the important and the not-so-important, horribly conflated.

5 JAN 2011

In as seen by a liberal vegetarian english major in medschool with a subscription to the NYT on January 5, 2011 at 10:30 pm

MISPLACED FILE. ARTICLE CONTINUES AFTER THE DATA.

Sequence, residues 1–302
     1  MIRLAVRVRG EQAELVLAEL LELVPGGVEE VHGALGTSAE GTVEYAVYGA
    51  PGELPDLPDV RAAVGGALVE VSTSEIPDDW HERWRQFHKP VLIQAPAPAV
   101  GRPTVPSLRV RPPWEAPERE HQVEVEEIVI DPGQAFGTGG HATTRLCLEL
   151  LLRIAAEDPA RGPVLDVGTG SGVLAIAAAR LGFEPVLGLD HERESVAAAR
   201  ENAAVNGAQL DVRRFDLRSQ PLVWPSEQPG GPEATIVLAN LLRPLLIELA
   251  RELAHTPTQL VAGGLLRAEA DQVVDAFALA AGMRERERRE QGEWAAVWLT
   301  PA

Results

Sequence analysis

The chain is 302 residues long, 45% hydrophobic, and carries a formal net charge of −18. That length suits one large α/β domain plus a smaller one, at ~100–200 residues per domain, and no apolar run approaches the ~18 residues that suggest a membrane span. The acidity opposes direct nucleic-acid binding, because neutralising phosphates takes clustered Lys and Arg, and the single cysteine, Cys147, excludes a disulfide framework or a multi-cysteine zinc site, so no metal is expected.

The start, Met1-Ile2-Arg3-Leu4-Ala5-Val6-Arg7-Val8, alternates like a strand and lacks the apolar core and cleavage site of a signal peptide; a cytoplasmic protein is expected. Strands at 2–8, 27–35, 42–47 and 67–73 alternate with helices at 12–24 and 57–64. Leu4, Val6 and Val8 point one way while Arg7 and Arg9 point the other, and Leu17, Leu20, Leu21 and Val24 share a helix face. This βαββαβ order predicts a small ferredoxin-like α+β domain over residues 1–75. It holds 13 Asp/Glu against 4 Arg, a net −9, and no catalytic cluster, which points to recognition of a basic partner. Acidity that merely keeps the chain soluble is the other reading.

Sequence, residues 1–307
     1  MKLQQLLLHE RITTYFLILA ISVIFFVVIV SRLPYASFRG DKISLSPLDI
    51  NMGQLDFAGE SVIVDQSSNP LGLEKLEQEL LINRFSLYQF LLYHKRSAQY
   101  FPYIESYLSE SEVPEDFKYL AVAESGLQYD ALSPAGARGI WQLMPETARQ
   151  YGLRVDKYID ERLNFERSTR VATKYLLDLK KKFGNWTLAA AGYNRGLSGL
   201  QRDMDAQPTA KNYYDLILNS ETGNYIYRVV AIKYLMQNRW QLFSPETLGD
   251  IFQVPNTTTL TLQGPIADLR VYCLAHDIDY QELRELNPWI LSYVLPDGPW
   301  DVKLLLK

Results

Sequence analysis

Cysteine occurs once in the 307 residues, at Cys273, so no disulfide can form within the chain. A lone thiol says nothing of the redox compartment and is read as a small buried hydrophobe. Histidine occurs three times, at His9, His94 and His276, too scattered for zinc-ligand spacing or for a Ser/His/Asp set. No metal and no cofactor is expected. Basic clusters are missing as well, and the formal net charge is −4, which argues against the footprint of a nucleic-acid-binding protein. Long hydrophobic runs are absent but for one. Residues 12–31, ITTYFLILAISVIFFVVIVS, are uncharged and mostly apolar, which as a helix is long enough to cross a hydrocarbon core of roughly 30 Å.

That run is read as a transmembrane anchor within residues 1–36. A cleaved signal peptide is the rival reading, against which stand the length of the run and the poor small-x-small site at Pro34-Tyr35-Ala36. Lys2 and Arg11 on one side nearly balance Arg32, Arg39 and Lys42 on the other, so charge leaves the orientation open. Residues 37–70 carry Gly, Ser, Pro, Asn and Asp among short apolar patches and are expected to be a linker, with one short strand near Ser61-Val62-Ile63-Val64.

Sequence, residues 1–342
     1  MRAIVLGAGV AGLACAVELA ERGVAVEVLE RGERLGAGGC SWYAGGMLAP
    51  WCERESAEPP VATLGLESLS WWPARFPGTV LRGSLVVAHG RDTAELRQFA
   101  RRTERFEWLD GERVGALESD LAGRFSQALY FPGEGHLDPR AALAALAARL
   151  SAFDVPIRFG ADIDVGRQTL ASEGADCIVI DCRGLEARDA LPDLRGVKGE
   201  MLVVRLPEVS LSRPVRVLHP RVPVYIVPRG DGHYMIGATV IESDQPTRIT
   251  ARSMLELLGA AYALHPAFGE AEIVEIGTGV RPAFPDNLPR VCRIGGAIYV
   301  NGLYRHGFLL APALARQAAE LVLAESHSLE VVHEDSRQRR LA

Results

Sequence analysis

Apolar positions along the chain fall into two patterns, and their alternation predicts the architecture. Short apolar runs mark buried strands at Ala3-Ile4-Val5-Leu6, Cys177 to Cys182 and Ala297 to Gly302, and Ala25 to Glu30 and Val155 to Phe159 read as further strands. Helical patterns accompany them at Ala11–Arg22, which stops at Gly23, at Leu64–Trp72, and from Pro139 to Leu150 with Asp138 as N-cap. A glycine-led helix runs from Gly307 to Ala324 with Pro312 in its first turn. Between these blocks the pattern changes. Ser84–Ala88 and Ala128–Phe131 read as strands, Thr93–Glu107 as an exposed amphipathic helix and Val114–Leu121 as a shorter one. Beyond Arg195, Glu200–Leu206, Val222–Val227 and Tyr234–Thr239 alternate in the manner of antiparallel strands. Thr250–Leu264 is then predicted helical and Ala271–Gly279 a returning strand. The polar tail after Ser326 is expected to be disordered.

“I was under huge pressure 2 cow down b4 rightest pressure on blasphemy.” Tweeted Salman Taseer, the governor of Pakistan’s Punjab region, shortly before he was assassinated by a religious zealot in broad daylight. “Refused.” he continued, nearing his 140 character limit, “Even if I’m the last man standing.” Taseer was murdered b/c of the attention he brought to the plight an elderly Punjab woman who could face a life sentence for “blasphemy”—an accusation often used in the region to seize a neighbor’s farmland or jail an overly moderate frenemy. If the governor were alive today, he would surely be firing up his Twitter account to comment on what has become the most controversial detail of his assassination: whether 9 or 24 bullets were found in his body. “9 or 24, 140 or 1, the # of bullets or characters doesn’t matter—truths or falsehoods, cowardice or passion come in all sizes” // A Palestinian woman killed over the weekend during a demonstration in the West Bank border town of Bilin may or may not have had a preexisting condition that exacerbated the suffocating effect of the cloud of tear gas that killed her. Israeli officials consider this a very serious question; Palestinians see the larger picture—resolving conflicting medical records of the 36 year-old’s death doesn’t reanimate this woman, and it certainly doesn’t reverse what could be called the perpetual “preexisting condition” of Palestinian life in the West Bank: poor medical care, a lack of economic opportunity, and a general dis-ease that emerges when checkpoints or the ghosts of lost sons and daughters hide behind every street corner. Who’s fault is that, Israel? // A study in JAMA found that one quarter of Americans with implanted¬†defibrillators do not meet the guidelines to justify these $35,000+ procedures; at the same time, 100,000 qualified patients do NOT receive the defibrillators. Interestingly, those receiving defibs too early or outside of the AHA recommendations for implantation are predominantly Hispanic or African American. 2 correlates to take from these findings: 1) Hispanics and Blacks make up a large proportion of Medicaid recipients. The authors argue that the implantation procedure does not have a large enough reimbursement value to incentivize heart surgeons to do unnecessary procedures to make an extra buck—but it’s worth noting that these two groups have the lowest frequency of voluntary medical visits, so with a borderline at-risk patient in the office, surgeons¬†do have a temporary marginal incentive to do the procedure (vs. sending them to a primary care physician for water pills or statins). 2) A guess: those not receiving defibs are most likely those underinsured individuals with plans that only provide minimal patient reimbursement for expensive preventative measures. // In other news, like Darth Vader, defib-implanted Dick Cheney appears to be making a political comeback. Please join twitter, former Vice President—if only for my amusement.


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